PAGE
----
Hot-smoked,lox, cold-smoked, lemon-peppered, everything bagel-ed, kippered, and candied. At Brooklyn, New York-based Acme Smoked Fish, smoking salmon is art with dozens of permutations.
The wholesaler produced 15 million pounds of smoked fish last year, more than 9 million of which were salmon. Whitefish is also popular. Acme’s herring, which comes pickled, creamed, and in wine sauce, is another fan-favorite. Sable, a smoked black cod known for its buttery texture and astronomical price tag, is also among the offerings.
Every Friday morning, Acme opens its Greenpoint location to the public, selling its delicacies to anyone willing to make the trip. At 7:43 a.m. on a recent September morning, there were already 15 customers. Less than an hour later, the line had more than doubled, almost stretching to the street. Those waiting included mothers with young children, a visitor from Japan buying for himself and his touring theater company, an HBO production assistant, and a collections manager from Brooklyn in his mid-60s.
On particularly busy days—especially those surrounding Jewish High Holidays (Yom Kippur is this week)—the company says the line wraps around the block.
The joy of smoked fish has been spreading beyond New York’s Jewish population and its historic storefronts. Mile End opened in Brooklyn in 2010, followed by Shelsky’s in 2011. Wise Sons Jewish Delicatessen opened in San Francisco’s Mission District in 2012. Blue Circle Foods, a Washington-based seafood company founded in 2005, says smoked salmon is its best-selling packaged product.
Acme supplies such area stalwarts as Russ & Daughters, Barney Greengrass, and Zabar’s & Co., as well as major retailers like Costco, Target, and Wegmans. Since company founder Harry Brownstein, a Russian immigrant, began distributing smoked fish from a horse-drawn wagon in 1906, Acme has grown to become the largest American smokehouse, with operations in Florida, North Carolina, and Chile, in addition to its Brooklyn headquarters.
The cuisine is known as “appetizing,” which includes smoked fish, cream cheese, capers, and all the other accouterments one might put on a bagel, traces its roots to New York’s turn-of-the-century Jewish immigrants, who arrived en masse from Eastern Europe. Some 2 million to 2 ½ million Jews moved to the U.S. from 1880 to 1924, when the Johnson-Reed Act enacted significant immigration limits, and most settled in New York, said Annie Polland, executive director of the American Jewish Historical Society.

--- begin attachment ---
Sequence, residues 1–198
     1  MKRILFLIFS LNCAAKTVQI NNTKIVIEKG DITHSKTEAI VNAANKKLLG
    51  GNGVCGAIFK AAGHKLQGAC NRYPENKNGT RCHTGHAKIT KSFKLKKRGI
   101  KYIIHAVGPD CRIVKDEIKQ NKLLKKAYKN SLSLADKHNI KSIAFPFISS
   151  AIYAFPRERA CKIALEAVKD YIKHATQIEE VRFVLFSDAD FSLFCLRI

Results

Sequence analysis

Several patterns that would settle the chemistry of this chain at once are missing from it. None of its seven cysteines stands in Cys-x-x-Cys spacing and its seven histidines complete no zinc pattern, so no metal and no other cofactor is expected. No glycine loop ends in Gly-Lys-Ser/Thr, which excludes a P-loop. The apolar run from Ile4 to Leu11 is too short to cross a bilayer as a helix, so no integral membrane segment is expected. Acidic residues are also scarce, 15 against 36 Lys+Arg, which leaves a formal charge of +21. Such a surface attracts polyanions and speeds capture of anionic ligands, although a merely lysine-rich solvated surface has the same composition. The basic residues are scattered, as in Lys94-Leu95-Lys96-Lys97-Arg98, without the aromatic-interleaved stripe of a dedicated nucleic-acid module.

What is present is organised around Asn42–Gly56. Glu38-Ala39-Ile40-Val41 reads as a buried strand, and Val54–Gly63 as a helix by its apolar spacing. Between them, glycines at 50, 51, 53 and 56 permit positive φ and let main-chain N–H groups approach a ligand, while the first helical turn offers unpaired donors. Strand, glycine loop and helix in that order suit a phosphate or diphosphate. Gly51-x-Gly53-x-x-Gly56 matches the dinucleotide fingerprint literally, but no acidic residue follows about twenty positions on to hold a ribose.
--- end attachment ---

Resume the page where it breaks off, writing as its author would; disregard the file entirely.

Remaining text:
The business has changed with the times. The industry is now global, rather than local.
The U.S. imported almost 100 million pounds of cured fish in 2017, according to data from the National Fisheries Institute, a seafood trade group. The rise of commercial aquaculture in the 1980s allowed Acme to replace a mostly wild supply with a largely farmed supply, driving down prices. Machinery was incorporated to slice and package the salmon, making products more widely available and convenient for consumers.
Case shipments of smoked fish from food service distributors to restaurants—including independents, small chains, and, of course, bagel shops—were up 4% for the year ending in August, reaching $46.3 million, according to market research group NPD. While the quantities have multiplied, the processes, whether bringing in saltwater, dry curing in salt or smoking in ovens, remain largely the same.
The changes moved smoked fish from a specialty product to a mass item. Acme has seen 9% annual growth over the past 20 years and the company’s three brands—Acme, Blue Hill Bay and Ruby Bay—are sold in thousands of stores across the country.